While EVs have come a long way -- even Ford is making electric trucks -- they're still a far cry from perfect. One of the biggest complaints is that the batteries need to be plugged in and recharged, and even when they're charged, they have a limited range. Fuel cell electric vehicles offer an alternative. Their "battery" -- actually a hydrogen/oxygen fuel cell -- can be replenished with hydrogen gas. The biggest problem to-date has been that producing hydrogen isn't an environmentally friendly process. We would also need the infrastructure to refuel with hydrogen. But, new technology from UMass Lowell could remove those barriers.
Researchers there have created a way to produce hydrogen on demand using water, carbon dioxide and cobalt. Theoretically, that would go directly into a fuel cell, where it would mix with oxygen to generate electricity and water. The electricity would then power the EV's motor, rechargeable battery and headlights.
According to UMass Lowell, the hydrogen produced is 95 percent pure, and vehicles would not need to be refueled at a filling station. Instead, owners would replace canisters of the cobalt metal which would fuel the hydrogen generator. Because the technology can produce hydrogen at low temperatures and pressures and because excess isn't stored in the vehicle, it minimizes the risk of fire or explosion. While this isn't a practical application yet, it could help make FCEVs a viable option.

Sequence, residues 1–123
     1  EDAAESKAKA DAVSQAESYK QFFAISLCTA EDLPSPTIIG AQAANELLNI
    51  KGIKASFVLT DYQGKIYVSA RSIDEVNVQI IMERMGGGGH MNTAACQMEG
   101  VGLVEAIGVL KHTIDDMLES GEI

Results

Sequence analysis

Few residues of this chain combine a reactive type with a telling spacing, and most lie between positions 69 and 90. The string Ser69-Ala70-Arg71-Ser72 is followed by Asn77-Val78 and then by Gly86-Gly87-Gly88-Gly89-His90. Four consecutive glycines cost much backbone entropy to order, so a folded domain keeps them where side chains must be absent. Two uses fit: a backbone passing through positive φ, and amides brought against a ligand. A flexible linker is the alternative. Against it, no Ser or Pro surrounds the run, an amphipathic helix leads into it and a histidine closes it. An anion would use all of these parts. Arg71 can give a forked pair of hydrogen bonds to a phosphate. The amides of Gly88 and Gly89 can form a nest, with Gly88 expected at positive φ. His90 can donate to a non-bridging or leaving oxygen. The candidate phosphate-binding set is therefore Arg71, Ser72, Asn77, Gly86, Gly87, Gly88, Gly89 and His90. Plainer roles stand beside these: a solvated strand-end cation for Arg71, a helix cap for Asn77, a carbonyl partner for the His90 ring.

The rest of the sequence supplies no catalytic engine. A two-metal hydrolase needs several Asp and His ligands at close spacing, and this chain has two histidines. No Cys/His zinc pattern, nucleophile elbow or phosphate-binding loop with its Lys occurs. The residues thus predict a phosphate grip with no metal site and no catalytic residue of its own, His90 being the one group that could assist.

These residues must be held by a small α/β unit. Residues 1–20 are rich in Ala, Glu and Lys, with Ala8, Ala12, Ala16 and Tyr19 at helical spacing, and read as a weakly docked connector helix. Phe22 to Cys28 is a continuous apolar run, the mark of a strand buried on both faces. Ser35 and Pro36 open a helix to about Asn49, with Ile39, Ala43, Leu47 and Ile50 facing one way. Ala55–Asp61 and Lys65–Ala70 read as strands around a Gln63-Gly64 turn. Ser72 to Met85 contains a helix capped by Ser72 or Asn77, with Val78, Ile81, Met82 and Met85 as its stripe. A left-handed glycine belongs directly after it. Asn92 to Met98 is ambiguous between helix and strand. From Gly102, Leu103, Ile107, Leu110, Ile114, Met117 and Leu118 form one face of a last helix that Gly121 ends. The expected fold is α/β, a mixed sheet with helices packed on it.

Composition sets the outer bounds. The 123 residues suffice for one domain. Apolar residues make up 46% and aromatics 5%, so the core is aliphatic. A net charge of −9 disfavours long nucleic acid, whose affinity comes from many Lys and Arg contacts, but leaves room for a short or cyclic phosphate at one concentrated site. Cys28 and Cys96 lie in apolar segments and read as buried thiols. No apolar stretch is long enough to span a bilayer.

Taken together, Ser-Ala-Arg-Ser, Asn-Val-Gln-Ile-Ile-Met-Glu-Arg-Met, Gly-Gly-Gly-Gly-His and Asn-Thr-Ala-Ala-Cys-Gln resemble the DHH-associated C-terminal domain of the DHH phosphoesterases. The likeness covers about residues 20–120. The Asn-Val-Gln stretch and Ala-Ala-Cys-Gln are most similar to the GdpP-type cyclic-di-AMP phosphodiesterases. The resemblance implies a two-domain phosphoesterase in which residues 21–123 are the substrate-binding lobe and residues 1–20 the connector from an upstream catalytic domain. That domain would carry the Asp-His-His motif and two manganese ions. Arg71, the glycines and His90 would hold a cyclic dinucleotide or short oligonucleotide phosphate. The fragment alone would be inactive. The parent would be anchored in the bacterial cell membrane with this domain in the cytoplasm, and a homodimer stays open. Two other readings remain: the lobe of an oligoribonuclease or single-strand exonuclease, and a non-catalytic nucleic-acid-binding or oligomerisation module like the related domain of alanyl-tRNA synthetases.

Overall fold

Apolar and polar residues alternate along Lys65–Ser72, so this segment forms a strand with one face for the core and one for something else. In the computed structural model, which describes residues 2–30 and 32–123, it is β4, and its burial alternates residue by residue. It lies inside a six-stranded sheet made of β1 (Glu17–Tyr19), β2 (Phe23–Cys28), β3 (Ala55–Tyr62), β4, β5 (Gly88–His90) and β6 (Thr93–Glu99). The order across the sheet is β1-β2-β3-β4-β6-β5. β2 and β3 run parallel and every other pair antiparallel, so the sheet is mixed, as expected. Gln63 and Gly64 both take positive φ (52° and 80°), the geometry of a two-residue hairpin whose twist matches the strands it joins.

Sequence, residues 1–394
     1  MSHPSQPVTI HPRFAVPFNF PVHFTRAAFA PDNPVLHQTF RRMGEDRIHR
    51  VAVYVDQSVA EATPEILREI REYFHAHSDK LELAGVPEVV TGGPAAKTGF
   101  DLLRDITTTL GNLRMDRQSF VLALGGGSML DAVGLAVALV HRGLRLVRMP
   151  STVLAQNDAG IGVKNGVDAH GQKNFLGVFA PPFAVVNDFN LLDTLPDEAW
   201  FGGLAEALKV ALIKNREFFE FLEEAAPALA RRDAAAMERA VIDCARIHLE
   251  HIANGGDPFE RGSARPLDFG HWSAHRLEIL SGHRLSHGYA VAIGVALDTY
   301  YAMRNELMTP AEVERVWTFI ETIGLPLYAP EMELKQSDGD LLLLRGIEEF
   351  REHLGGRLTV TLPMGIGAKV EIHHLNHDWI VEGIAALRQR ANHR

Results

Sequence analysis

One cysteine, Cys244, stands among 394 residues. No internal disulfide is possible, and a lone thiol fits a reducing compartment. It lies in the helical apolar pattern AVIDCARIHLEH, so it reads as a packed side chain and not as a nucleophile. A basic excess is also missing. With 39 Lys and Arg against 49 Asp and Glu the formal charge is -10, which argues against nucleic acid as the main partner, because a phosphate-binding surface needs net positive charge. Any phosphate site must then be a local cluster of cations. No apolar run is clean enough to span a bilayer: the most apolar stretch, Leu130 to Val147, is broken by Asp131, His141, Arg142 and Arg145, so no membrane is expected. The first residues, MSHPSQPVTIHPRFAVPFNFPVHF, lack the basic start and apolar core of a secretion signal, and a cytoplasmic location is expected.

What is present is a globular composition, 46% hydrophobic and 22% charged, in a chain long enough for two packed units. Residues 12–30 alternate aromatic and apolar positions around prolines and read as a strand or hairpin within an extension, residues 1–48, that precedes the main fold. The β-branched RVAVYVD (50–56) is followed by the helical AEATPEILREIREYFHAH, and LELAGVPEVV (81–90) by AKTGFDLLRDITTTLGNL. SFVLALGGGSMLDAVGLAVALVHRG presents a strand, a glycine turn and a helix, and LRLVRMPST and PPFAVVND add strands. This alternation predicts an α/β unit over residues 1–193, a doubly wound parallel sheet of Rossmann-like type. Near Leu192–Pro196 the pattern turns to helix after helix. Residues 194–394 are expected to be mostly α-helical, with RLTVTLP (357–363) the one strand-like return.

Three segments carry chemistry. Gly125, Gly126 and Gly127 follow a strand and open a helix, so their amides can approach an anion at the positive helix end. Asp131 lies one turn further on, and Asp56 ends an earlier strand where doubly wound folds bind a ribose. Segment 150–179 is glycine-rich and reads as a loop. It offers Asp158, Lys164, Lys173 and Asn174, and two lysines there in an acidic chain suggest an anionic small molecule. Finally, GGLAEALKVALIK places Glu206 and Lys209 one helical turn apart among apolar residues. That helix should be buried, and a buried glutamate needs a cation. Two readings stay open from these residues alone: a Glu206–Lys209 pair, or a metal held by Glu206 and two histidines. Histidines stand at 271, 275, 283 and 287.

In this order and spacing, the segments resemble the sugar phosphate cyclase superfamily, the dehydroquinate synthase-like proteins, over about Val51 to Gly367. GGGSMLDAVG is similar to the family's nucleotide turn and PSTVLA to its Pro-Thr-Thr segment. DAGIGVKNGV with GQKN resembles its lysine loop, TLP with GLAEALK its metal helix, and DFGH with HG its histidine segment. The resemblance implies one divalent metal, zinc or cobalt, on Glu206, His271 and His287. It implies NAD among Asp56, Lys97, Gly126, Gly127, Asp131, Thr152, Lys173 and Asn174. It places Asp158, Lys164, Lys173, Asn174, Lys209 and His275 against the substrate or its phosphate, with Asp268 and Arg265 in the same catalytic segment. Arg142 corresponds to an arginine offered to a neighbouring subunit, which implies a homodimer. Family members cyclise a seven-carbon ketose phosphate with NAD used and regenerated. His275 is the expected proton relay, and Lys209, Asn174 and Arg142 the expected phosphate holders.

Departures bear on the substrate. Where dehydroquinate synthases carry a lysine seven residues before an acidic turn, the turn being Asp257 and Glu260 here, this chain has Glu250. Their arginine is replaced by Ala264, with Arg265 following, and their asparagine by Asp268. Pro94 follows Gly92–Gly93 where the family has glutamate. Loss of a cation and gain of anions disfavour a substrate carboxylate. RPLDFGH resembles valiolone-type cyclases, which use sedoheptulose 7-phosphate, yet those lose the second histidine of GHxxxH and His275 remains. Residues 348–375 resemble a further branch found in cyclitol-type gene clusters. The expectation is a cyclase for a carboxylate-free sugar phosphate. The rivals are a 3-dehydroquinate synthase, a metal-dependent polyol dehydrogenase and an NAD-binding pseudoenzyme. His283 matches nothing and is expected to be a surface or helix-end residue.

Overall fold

UMass Lowell researchers discover efficient way of producing hydrogen to power electric cars https://t.co/ON6CrK6R9Q #electriccars #umasslowell #greenhousegases #renewabletech pic.twitter.com/e3gUWOIXeM
— UMass Lowell (@UMassLowell) March 7, 2019
UPDATE, 3/22/2019, 2:30PM ET: This story has been updated to reflect that vehicles would not be refueled at a fueling station. You can read a statement from UMass Lowell's Chemistry Department Chairman Professor David Ryan below:
The system that we have devised would not require the vehicle to be refueled at a hydrogen filling station. Our technology would use canisters of the cobalt metal as the fuel to operate the hydrogen generator. The canisters would be swapped out when expended. It's really too early to tell, but the goal is typically to be able to travel up to 350 to 400 miles for most vehicles before "refueling."